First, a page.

If her stance on issues had anything to do with her victory, her repeated reference to Christian beliefs and positions on social issues has dominated her campaign and the festivities in her straw poll tent.
The loudest cheers for U.S. Rep. Michele Bachmann rumbled through her tent as she professed her commitment to upholding her vision of a Christian family, by blocking same-sex marriage and abortion rights.
“In Iowa we are socially conservative, and should not have to be ashamed of being socially conservative,” Bachmann called to the crowds.
Social conservatism was the central message of both of Bachmann’s speeches, with a moment of enthusiastic country dancing to Randy Travis between her Hilton Coliseum address and the one in her tent.
Bachmann, born in Waterloo, has spent the past 48 days playing to her Iowa roots on a tour around the state. She has railed against the Obama administration and championed Tea Party values of limited government, but may have won the most popularity for her conservative views on social issues among Iowa Republicans.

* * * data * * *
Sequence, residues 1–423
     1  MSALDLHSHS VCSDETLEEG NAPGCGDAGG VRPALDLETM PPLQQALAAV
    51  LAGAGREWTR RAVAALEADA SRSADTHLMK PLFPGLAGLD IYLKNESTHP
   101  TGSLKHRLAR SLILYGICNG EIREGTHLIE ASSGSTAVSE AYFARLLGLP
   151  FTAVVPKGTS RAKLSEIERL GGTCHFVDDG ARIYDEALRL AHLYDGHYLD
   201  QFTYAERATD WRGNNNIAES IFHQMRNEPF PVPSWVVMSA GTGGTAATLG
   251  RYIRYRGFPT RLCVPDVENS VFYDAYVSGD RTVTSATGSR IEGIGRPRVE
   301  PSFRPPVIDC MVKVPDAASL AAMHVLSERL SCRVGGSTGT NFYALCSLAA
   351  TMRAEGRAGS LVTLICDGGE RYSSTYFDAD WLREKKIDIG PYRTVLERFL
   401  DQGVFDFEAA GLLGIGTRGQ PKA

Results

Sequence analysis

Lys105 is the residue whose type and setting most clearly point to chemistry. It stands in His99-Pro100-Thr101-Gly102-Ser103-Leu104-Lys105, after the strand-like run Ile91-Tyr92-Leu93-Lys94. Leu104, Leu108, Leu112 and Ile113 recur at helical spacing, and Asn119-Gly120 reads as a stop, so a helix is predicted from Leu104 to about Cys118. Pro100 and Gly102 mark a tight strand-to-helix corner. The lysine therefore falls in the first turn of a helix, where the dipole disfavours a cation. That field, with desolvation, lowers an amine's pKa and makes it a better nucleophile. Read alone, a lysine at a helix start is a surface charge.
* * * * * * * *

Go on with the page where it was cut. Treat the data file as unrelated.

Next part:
“We are for Michele because she stands for our same morals and beliefs and in a strong Christian family, that marriage is between a man and a woman,” said Kirk Fett of Waukee. His wife and two children nodded in agreement, as they waited on the steps of the coliseum to cast their votes, all in Bachmann t-shirts.
“Here in Iowa Tea Partyers tend to get into the social issues,” said Tim Hagle, political science professor at the University of Iowa. “Bachmann is somebody seen as the face of the Tea Party. She is very attractive to them, because she represents them both socially and fiscally.”